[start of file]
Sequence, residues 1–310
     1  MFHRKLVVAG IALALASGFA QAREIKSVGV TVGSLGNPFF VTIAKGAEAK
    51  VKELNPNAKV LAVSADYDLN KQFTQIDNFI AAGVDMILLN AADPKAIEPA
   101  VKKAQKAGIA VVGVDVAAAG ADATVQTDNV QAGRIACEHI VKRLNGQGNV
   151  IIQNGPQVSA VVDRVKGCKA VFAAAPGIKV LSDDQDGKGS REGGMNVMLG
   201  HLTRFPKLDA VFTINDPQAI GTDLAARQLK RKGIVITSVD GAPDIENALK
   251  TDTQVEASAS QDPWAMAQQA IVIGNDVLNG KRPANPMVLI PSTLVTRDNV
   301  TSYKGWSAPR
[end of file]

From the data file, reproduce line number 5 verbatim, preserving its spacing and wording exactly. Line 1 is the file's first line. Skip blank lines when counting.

   151  IIQNGPQVSA VVDRVKGCKA VFAAAPGIKV LSDDQDGKGS REGGMNVMLG